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William Lyon
William Lyon

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10 Things We Learned In Full Stack GraphQL Book Club

My colleague Alex and I just wrapped up the Full Stack GraphQL Book Club livestream series so I thought now would be a good time to share some of the main takeaways and things we learned about building full stack applications with GraphQL.

Full Stack GraphQL Applications

When my book Full Stack GraphQL Applications was published I thought it would be fun to organize a book club of sorts - a series of livestream episodes where each episode we review a chapter of the book and work through the end of chapter exercises.

Full Stack GraphQL book club table of contents

Full Stack GraphQL Applications is all about how to build web applications using GraphQL, React, Apollo, and Neo4j Database - the so called GRANDstack. The book is designed to show full stack developers how they can leverage the benefits of GraphQL including GraphQL database integrations like the Neo4j GraphQL Library, cloud services like Netlify, AWS Lambda, Auth0, and Neo4j AuraDB.

Below for each chapter we'll take a look at the major points from each chapter plus one interesting thing we learned during the livestream.

Chapter 1: What Is Full Stack GraphQL?

Chapter one introduces a mental model of full stack GraphQL. Using an example of a movies search web application we explore the components of a full stack GraphQL application by tracing a GraphQL request from client to database and back.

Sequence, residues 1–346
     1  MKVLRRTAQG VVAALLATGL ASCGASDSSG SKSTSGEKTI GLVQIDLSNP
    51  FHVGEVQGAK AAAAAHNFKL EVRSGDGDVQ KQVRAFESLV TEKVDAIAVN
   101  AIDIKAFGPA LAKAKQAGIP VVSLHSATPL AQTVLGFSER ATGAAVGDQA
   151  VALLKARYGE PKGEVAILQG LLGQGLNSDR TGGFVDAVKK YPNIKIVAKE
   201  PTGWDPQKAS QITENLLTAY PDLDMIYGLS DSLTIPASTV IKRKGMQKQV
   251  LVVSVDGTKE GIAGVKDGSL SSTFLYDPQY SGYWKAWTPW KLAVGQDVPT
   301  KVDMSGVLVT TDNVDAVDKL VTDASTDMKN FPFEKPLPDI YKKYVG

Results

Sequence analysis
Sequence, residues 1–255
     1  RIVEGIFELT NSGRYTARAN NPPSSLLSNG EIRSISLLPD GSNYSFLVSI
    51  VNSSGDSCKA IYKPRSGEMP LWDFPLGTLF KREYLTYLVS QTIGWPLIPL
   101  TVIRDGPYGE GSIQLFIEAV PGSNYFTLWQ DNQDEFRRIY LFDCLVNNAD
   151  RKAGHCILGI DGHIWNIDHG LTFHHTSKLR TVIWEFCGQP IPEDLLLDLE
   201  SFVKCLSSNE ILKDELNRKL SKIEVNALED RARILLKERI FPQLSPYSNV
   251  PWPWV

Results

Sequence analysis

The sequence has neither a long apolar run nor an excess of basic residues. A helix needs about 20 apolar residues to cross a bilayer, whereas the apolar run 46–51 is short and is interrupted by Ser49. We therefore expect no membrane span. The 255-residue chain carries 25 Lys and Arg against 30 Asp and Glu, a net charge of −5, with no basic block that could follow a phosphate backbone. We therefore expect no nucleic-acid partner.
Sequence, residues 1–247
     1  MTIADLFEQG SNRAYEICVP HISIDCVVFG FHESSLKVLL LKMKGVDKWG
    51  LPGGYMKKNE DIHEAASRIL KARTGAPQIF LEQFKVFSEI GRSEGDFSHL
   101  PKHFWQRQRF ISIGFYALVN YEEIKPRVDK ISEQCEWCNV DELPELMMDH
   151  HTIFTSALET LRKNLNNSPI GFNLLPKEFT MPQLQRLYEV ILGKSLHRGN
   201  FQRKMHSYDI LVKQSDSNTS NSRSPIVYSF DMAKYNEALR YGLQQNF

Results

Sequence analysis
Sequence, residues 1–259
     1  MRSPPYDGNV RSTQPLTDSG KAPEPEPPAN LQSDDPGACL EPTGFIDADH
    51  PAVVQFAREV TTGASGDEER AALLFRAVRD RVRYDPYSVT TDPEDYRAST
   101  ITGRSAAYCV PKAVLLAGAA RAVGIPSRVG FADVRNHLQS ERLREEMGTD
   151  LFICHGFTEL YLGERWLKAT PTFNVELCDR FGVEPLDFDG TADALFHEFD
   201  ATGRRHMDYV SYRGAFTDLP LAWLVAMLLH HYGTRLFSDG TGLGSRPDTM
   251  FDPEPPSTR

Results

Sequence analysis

Components of a full stack GraphQL Application: GraphQL, React, Apollo, and Neo4j Database - the GRANDstack

What we learned during book club
There isn't just one right set of components that make up a Full Stack GraphQL application. For example, we could be building a native iOS app written in Swift that leverages the Swift GraphQL client instead of a React application or perhaps using GraphQL Yoga instead of Apollo Server - it's more important to understand the concepts of how the pieces fit together and then you'll be better able to understand the tradeoffs of choosing different components of the stack.

Chapter 2: Graph Thinking With GraphQL

The typical approach to building GraphQL APIs starts with writing GraphQL type definitions that define the data available in the API. Then we create resolver functions with the logic for interacting with our data layer to "resolve" our data.

Graph thinking with GraphQL

What we learned during book club
The N+1 query problem becomes apparent for all but the simplest GraphQL APIs. Multiple round trip requests to the data layer for each GraphQL request can become a big performance bottleneck. Fortunately, GraphQL database integrations like the Neo4j GraphQL Library address the N+1 query problem by generating a single database query for each GraphQL operation.

Chapter 3: Graphs In The Database

Graph databases like Neo4j allow developers to model, store, and query data as a graph: node and relationships that connect nodes. We use the Cypher query language for working with data in Neo4j. Cypher is all about graph pattern matching.

Graphs in the database

What we learned during book club
The Cypher query language allows us to define complex graph patterns using ASCII-art like notation representing paths in the graph.

Chapter 4: The Neo4j GraphQL Library

The Neo4j GraphQL Library allow us to build fully functional GraphQL APIs backed by the Neo4j graph database by generating database queries from arbitrary GraphQL requests.

The Neo4j GraphQL Library

What we learned during book club